David Ralph [8:05]
Although you say that now that is the greatest gift. And I agree with you what’s best sometimes when you went out for God’s sake, Mom and Dad, give me a break, just help me out. And or even at those times, did you go, you’re giving me a gift.
Ryan Avery [8:21]
Truthfully, to be honest, I never, if you asked my sister, she might have said something different. But for me, my parents never. So they never just let me, let me do it by myself. So if I wanted something, we could talk it out. And we could, they would process it with me, they would never just throw me in the deep end, and let me sink, they would throw me in the deep end and teach me how to swim because they’d be right there with me. So I saw my parents, I mean, they would lose significant amounts of money, or they would gain significant amounts of money. And they would travel and they would do it things that I wanted to do. And they were just constantly reminding me because my parents grew up very poor. So my mom, she ate mayonnaise sandwiches, and my dad grew up on a farm. And I got to learn from their family, how they were raised, and where they came from, to where they are where they are now. And my parents are in their 50s. And they’re retired on the beach. So I saw firsthand what they could do. And I don’t think so, truthfully, that I ever was like, man, I can’t believe you’re not giving me this. I was always seeing my parents as Hey, if they can do it, I can do it. And I can do even better, because I’ve got this thing called the internet and cell phone. So truthfully, no, I don’t think so. I don’t think so.
David Ralph [9:43]
Well, you heard that Mrs. Avery, can I just bring you into the show now? Wouldn’t it be brilliant? If I if I had her waiting?
Ryan Avery [9:51]
That would be amazing. That would be fantastic.
David Ralph [9:53]
Right? Right. What about that time in the kitchen? When you were stamping your feet?
Ryan Avery [9:59]
You know what I’ll do? I will I’ll email my mom and dad after this show. And I’ll ask them if I did anything? And if so I’ll shoot you an email. So you can add it in the show notes? Absolutely, absolutely. We’re getting a world exclusive from Ryan a barrel. down right now after this, I’m going to call my mom,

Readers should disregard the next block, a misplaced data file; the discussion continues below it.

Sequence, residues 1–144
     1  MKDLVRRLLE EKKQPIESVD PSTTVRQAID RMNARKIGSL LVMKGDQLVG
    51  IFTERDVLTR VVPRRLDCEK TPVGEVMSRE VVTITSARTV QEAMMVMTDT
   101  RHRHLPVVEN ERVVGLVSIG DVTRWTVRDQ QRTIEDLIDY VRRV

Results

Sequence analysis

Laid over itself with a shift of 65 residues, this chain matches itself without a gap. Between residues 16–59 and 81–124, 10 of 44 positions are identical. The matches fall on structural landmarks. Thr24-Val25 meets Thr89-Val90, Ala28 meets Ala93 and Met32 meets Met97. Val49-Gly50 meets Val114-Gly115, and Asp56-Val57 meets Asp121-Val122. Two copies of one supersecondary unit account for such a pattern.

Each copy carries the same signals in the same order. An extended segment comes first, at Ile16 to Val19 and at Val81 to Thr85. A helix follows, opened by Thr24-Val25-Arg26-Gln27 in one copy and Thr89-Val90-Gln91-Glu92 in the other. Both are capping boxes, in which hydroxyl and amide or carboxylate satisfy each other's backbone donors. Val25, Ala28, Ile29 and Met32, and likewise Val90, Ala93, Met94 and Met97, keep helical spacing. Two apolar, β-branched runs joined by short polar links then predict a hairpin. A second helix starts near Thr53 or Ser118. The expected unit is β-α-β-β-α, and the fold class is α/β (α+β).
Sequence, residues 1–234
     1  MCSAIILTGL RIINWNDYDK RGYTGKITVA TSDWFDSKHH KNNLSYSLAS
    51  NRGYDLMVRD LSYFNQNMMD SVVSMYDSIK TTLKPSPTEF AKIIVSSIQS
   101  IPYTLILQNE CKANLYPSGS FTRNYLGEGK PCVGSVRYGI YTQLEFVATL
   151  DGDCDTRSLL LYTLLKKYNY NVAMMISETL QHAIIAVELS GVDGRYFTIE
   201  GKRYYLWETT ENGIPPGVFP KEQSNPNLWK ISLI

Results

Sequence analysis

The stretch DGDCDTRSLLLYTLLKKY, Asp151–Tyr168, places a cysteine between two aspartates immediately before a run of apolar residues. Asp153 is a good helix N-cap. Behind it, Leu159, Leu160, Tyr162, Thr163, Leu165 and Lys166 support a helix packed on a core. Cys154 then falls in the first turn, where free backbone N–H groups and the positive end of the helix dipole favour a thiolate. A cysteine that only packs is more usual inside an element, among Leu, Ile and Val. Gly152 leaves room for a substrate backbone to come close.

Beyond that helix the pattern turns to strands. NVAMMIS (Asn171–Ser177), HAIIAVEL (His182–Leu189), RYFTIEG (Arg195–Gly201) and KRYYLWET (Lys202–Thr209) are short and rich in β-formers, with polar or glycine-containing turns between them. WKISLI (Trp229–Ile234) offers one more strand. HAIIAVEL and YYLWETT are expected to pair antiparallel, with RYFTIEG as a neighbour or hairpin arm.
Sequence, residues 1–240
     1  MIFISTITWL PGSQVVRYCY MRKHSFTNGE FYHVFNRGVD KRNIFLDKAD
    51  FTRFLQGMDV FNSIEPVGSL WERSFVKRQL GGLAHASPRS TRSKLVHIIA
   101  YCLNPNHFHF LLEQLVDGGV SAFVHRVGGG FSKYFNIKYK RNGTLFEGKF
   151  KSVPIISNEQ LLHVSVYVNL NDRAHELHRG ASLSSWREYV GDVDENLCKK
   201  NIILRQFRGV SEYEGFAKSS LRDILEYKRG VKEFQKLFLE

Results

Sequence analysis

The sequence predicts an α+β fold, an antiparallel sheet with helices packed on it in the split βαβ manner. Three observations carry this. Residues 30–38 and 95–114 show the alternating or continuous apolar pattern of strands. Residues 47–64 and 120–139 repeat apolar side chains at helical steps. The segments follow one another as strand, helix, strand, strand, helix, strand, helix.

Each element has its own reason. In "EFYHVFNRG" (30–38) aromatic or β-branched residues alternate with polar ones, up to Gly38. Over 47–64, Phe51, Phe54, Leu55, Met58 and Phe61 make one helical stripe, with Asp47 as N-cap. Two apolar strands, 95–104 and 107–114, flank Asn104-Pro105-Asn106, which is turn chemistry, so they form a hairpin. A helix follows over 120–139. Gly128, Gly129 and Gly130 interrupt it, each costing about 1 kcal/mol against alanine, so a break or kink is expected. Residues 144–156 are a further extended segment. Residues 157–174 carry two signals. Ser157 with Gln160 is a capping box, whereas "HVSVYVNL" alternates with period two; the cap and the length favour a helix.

David Ralph [10:17]
how many other podcasts get world exclusive. That’s why you come to this show, guys, this is what we’re going to do delivering gold to you. So talking about your mom and dad, because I’m fascinated because the old adage that you are the sort of the average of the five people you surround yourself with, it seems to me that the entrepreneurial spirit is not so much taught. It’s kind of absorbed somehow. And the people that are surrounded by mums and dads who had the hustle muscle and actually flex it on a daily basis are pre destined really to go that route as as somebody who sees it that going to an office every single day and being an employee. Did you think that is true? Do you think Matt in your environment, you were naturally absorbing their their hustle muscle?
Ryan Avery [11:09]
For sure, without a doubt? I mean, really, I remember when I was six years old, and my parents would talk to me about them having to let people go, are them having to make tough decisions or us having to cut back on things because they’re trying to grow their business or that I mean, absolutely. I think what’s so good about my parents, and what I’d love to see more, especially here in the United States is I truthfully think it’s nobody’s fault, but the parents fault that it ultimately comes down to parents. And if parents did a better job of explaining things to their children and doing a good job of teaching their children how to communicate and how to do business and how to work with people. We would observe absorb it more. And I think without a doubt, I observed it from my parents. Yeah, I just I got to see them in action every single day. I mean, I grew up in their stores, and really being six years old. And they put me to work where I had to fold boxes for hours and hours and hours and hours at a time because that’s once I was starting to be able to work and full boxes I was in the store was working. I agree
David Ralph [12:12]
with you, I would say 50% You’re right. And to be honest villain, as it’s my show, you have to agree with me this is this is the way I’ve gotten a power. I think the other 50% who are to blame, I think it’s the education system. And I think that it’s built as a conveyor belt to provide people for industry. And I’ve got this phrase and I talked about this a lot, because one of the sort of passions that I didn’t realise I had until I started doing this show. But I think that education should be mixed up with inspiration. And it’s not. Occasionally you get a teacher that is more inspiration and education. And you go, that’s amazing. I love that teacher, because it made you feel good. And I think now, I think that’s the blame as well. I think the education system is fundamentally flawed. So these people who are out there, and they’ve got moms and dads were basically sort of zombies just going to work coming back going to work because they don’t know anything better. And then they’re stuck through an uninspiring education system. It’s not surprising that so many people out there going to pass but aren’t naturally aligned to their natural talents, is it?